All quotations extracted from “The Small Sutra of the Eight Branches of Divine Bön” found within Shardza Tashi Gyaltsen’s A Tri Ka Lung Gyatso, Guidance of A, an Ocean of Scripture.

Tibetan translation Raven Cypress Wood©2018

Spiritual Fathers

HH 34th Menri Trizin Rinpoche and Menri Ponlop Yangton Trinley Nyima Rinpoche at Menri Monastery. Photo credit: Unknown.

Removing Obstacles from the Path: Gift Translation

The wisdom deity, Shenlha Ökar, embodies all of the perfected qualities and represents the unification of all lamas.


Within the Yungdrung Bön tradition, the practice of the Bar Che Lam Sel, or Removing Obstacles from the Path, is a powerful method for removing any kind of obstacle being experienced by the practitioner. From the notation within the text,

By reciting this “Spontaneous Wish-fulfillment of Removing Obstacles from the Path” a single time, obstacles of an entire year are pacified. By reciting it one hundred times, obstacles of one lifetime are pacified.” 

One does not need transmission or instruction in order to recite this prayer. However, if the practitioner is able to receive the oral transmission from a qualified Yungdrung Bön lama, the benefit of the prayer is greatly multiplied. Making a commitment to recite the prayer before a sacred image or shrine, and then fulfilling that commitment, increases the power of the practice by virtue of having fulfilled a sacred commitment. The prayer can be recited at any time, but especially during any experience of problems or obstacles, when starting a business or important endeavor, and during an astrologically calculated “obstacle year” which, according to Tibetan astrology, occurs during the ages of 1, 9, 13, 25, 37, 49, 61, 73 and 81. The prayer can also be taken as a daily practice, or recited for the benefit of others and dedicated to their release from obstacles.

This translation is offered to all Yungdrung Bön practitioners for their personal use. A link to download the pdf can be found at the end of this article. May we all be free from obstacles and have positive circumstances that support our continual spiritual practice and development!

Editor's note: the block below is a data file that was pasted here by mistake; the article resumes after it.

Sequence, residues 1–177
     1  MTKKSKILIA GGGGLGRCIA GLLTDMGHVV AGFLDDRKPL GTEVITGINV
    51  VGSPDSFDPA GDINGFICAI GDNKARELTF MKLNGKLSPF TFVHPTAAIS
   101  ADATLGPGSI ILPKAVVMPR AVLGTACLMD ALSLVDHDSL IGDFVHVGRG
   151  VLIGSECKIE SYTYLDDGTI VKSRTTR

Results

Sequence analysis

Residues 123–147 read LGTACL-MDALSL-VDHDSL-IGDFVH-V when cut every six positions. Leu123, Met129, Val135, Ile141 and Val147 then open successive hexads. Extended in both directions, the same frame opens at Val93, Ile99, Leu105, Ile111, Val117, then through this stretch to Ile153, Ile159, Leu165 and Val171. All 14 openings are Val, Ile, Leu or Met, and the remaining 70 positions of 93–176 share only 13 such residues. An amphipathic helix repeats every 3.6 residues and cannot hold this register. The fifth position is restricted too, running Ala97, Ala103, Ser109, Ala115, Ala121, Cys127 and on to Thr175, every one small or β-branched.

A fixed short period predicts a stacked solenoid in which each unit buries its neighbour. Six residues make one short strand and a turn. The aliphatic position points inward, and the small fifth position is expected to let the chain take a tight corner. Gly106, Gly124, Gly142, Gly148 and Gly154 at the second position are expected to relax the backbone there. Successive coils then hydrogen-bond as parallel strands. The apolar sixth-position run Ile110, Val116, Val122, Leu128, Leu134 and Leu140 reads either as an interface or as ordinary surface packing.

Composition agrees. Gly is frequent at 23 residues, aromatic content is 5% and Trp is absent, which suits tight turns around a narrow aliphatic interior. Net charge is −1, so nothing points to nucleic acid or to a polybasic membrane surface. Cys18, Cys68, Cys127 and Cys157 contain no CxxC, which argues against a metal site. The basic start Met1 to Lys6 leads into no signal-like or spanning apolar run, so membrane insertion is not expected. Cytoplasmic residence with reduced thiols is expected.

The Google Doc link below will provide access to download the pdf of the translation.


Receiving Blessings

His Holiness 34th Menri Trizin Rinpoche receives blessings and transmissions from Yongdzin Tenzin Namdak Rinpoche at Triten Norbutse Monastery in Nepal March 2018. Photo credit: Unknown.

May Everyone have Success and Prosperity!

Within the Yungdrung Bön religious tradition, the powerful wealth deities act to protect and increase the success, wealth, merit, health, and positive circumstances of Yungdrung Bön practitioners. Kubera, also known as Blue Dzambhala or Dzam Ngön, is one of these wealth deities. Along with propitiation and mantra recitation, Kubera is offered sang, smoke purification and offering, in the morning, and torma in the evening.

“In the midst of a mound of many kinds of wish-fulfilling jewels, and seated upon a magically emanated turquoise-colored horse, is the miraculously born Kubera.  His body is a brilliant, dark-blue color.  He wears a helmet of crystal upon his head, and a coat of armor upon his body.  In his right hand, he lifts a golden sword that rains down precious things, and clears away obstacles for Bön practitioners.  In his left hand, he holds a mongoose.  From the mouth of the mongoose, precious jewels overflow and come forth. Without exception, he clears away the suffering and misery of poverty for all sentient beings.  Above his right and left shoulders, two iron hawks soar and circle overhead.  Two tigers leap in front of him, and behind, two lions run.  His inner retinue consists of one hundred-thousand deities who resemble him, and his outer retinue consists of millions of deities who surround him.”

~From A Storehouse of Treasure, the Main Practice of Blue Dzambhala

According to the Yungdrung Bön religious calendar, the lunar dates each month that are specified for Kubera propitiation and practice are: 4, 8, 11, 13, 15,17, 27, and 30.

Tibetan translation by Raven Cypress Wood ©2015 All Rights Reserved

%d bloggers like this: